Obstructive Sleep Apnea (OSA) is a sleep disorder where the muscles that support the soft tissues of the throat temporarily relax. When these muscles relax, the airway is narrowed or closed, and breathing is momentarily cut off, causing an apnea. Patients with OSA can have anywhere between five to 100 apneas an hour. OSA affects over 22 million diagnosed Americans alone, though it is estimated that 80% of OSA goes undiagnosed.
The Dangers of OSA:
According to the National Commission on Sleep Disorders Research, approximately 38,000 deaths occur per year due to OSA–related cardiovascular issues. These issues include high blood pressure, hypertension and stroke, among others. In fact, sleep apnea may increase the risk of mortality in those patients who previously suffered a stroke.
In addition to cardiovascular disease, OSA has several other risks including but not limited to: diabetes, metabolic syndrome, dementia, Alzheimer’s disease, daytime sleepiness, and nighttime bet wetting. Treating OSA properly will improve quality of life and decrease other ailments. Treatments range from surgery, to breathing machines, to Oral Appliance Therapy (OAT). Most sleep medicine practitioners direct patients immediately to breathing machines as the industry standard; however, this is not always the best and most beneficial form of therapy in many cases.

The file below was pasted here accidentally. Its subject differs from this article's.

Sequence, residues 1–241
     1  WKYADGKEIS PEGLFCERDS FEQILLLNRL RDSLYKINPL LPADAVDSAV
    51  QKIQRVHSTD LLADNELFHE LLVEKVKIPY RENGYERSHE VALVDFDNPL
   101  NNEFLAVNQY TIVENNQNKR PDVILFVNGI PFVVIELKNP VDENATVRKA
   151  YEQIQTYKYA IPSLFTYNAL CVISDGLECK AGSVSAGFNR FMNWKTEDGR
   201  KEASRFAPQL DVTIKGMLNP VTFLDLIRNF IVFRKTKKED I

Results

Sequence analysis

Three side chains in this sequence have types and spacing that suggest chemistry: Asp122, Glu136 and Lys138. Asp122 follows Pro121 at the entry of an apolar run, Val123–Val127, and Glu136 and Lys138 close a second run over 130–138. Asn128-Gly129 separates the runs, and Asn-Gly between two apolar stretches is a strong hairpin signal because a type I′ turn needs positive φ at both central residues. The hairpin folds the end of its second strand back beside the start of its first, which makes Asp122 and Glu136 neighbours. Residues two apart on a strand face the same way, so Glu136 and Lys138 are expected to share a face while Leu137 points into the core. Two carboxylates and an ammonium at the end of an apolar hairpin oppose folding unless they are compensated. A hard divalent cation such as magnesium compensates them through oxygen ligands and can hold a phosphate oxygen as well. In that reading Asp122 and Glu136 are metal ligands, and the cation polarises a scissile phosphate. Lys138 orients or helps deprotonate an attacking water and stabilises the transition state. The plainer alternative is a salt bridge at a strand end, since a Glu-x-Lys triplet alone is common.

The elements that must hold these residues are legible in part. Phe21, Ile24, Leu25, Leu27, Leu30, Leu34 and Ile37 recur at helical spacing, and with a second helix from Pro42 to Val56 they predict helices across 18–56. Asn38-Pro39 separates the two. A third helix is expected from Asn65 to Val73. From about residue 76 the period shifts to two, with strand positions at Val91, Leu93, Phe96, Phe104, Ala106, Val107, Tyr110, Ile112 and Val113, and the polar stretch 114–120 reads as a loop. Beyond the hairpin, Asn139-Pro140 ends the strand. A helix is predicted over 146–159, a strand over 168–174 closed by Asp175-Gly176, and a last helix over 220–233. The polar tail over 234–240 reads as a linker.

Problem: The CPAP works, but is often not used consistently or is not tolerable to patients
Those suffers with moderate-to-severe OSA are systematically guided to the Continuous Positive Airway Pressure (CPAP) machine, which is in-line with American Academy of Sleep Medicine (AASM) guidelines. However, many people do not use the CPAP consistently enough to reach the recommended 7.5 hours per night to be effective. Partial adherence is not enough for efficacy to be reached as patients need to complete at least two of the three sleep cycles for results. Many patients cannot tolerate the CPAP machine for the length of time required for full benefit. It is also recorded that CPAP usage ranges between 30 – 60% in a paper by Terri Weaver and Amy Sawyer. This is not enough consistency to show benefit or prevent cardiac issues.
When the CPAP is used for less than half of the sleep period, it does not reduce frequency of death from heart attack. There are ways to solve this unfortunate issue, and one way is to complement the CPAP with OAT.
Solution: Add a MAD to CPAP therapy and use it during the part of the night when the CPAP is taken off.
Patients who take the CPAP off during the night can continue their therapy for the evening with a Mandibular Advancement Devise (MAD). MADs have shown to be just as effective as the CPAP in positively impacting cardiac autonomic function during the daytime. MADs are custom made by certified sleep dentists and are an easy, portal, and consistent way to treat sleep apnea, and are generally recommended for mild-to-moderate OSA. For those patients who primarily use the CPAP, a MAD can be critical in reaping maximum therapy benefit when patients are not tolerant of the CPAP in general or can only tolerate limited usage each night. When used together, optimal results can be achieved.